Do you ever wish that you knew things before, that might have helped you now?
Or looked back and thought if you knew what you knew now, you might have done things differently then? Too confusing?
This past weekend, I taught a session at a conference about things I wish I had known as a young leader. It got me thinking of other things that I wish I had known. Not because I have regret, or because I would have done things differently. But because I’m basically a middle-aged woman, with about half her life left (give or take) and I know some stuff. Maybe it’s not even the right stuff, but it’s all I’ve got.
So, I thought I’d do a little series, called “What I Didn’t Know.”
I decided to start with parenting, (since both of my kids are officially “adults” now) with the hopes to encourage in our knowing and not knowing – and everything in between.
So, here goes.
What I Didn’t Know About Parenting. That I kinda know now.
- I didn’t know that in the middle of all my sleepless nights and exhaustion, one day I would actually physically yearn to have little sticky arms around my neck. Even closing my eyes at times to go back in my memories to remember how that felt. I know now that those tired days were the more incredible days of my life. I didn’t know that when I wished time would go faster, in the future I would do all I could to make time slow down.
- I didn’t know that someday when my kids were older I would occasionally go into their room at night and look at them. I can’t help it, when they sleep they look like little kid versions of themselves. (Don’t tell them I do this because I know how creepy it sounds and they will start to lock their doors or move out. I promise I don’t do this often.) I know now that my heart stops and rewinds in those moments, because I look and see their whole lifetime lived in their faces. Sometimes I just need precious reminders of all those past stages of love, even if that makes me a crazy-stalker-mom.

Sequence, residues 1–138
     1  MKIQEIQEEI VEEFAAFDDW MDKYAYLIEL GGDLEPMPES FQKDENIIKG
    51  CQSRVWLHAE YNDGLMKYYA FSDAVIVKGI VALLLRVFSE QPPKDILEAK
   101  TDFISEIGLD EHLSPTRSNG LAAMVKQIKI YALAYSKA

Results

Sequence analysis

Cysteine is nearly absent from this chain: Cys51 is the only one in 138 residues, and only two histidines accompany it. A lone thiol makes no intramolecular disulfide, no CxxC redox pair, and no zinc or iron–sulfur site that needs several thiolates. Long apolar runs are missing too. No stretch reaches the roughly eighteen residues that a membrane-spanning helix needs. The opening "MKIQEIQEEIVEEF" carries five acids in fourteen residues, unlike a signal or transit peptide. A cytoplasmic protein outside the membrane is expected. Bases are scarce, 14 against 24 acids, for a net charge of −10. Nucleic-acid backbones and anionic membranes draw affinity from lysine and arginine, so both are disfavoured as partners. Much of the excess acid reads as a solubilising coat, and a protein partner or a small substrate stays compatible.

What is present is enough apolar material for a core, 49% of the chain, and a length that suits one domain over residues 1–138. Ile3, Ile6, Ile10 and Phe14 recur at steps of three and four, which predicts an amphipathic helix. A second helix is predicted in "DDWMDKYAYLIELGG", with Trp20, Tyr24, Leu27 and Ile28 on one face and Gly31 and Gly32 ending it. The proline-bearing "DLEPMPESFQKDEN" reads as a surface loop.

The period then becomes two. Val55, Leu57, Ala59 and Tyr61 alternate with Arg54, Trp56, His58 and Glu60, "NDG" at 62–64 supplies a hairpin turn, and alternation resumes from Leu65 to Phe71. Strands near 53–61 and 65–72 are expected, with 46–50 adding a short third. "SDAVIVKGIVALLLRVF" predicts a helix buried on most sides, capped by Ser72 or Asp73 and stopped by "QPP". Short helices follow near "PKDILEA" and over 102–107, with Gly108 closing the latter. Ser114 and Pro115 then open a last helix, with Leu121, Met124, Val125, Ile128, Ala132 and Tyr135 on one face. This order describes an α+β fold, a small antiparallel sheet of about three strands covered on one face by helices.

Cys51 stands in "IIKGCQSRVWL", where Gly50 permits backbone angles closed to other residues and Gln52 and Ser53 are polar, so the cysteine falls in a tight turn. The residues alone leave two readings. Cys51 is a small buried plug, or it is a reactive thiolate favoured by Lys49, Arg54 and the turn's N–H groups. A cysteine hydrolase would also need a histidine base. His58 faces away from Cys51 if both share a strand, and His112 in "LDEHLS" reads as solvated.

- I didn’t know that I couldn’t control everything forever. When I think about some of the things that I made into huge deals, I feel a little ridiculous. I would have chilled more and tried to understand that kids go through phases and that letting them have some space to try new things, and even push boundaries isn’t always bad. I know now that I didn’t always pick my battles well, and that so many times I could have released a little bit of control and everything would have been ok. Releasing a little bit then, would have made it easier now.
- I didn’t know that each transition was leading to a good-bye. Kids grow up. You think it’s so far away, but it comes faster than you think. I know now that changing family dynamics is something that is more difficult than I ever imagined. No one really explained that to me. Embrace and go with all the mini letting-go stages, they will help you along the way. Every stage leads to the next good-bye, and from kindergarten up – this is the path you’re on! Love, feel and embrace it all. You’ll cry a lot, but that’s what love does to us.
- I didn’t know that I wouldn’t be able to fix everything. I’d always try. The hardest thing is to see your child struggling, hurting and going through pain when there is nothing you can do. I know now that sometimes you just have to step back and let them learn to process on their own, and make their own choices and decisions. It’s hard when you can’t make everything better. So just be there. Ready when needed. Present. Steady and true.
- I didn’t know that biting my tongue is a daily discipline. Did I say I’ve mastered all these skills? I definitely haven’t. (This has been an almost 21 year process.) 3 different towels a day for 3 showers a day? Bite tongue. Oh, you borrowed my shampoo and I’m now in the shower with none? Bite tongue. Oh, you spilled an entire can of coke down the stairs? Bite tongue. Oh, you don’t approve of the way I’ve loaded the dishwasher? Bite tongue. I know now that my tongue is a beaten-down-scarred piece of my body but nothing is sacred in the fight for peace and sanity.
- I didn’t know that we didn’t have to strive for perfection. I wasted a lot of time wondering if we were doing it right, or if we were keeping up with other families around us. Did our kids have everything everyone else did? Was I as a good as the other moms? Did I work too much? Do they feel like I’m too busy for them? I know now that we were equipped and that unconditional love in the middle of imperfection and mess is what our kids really needed. We gave what we had and did our best and that was enough.
All this knowing.
And not knowing.
And everything in between.
We could write lists for days.
All of us
Imperfect families, living in a mess of grace.
Going through life one day at a time. Doing what we can, with what we have been given.
Don’t give up.
We always press on.
Doing our best with what we know, what we didn’t know and everything in between.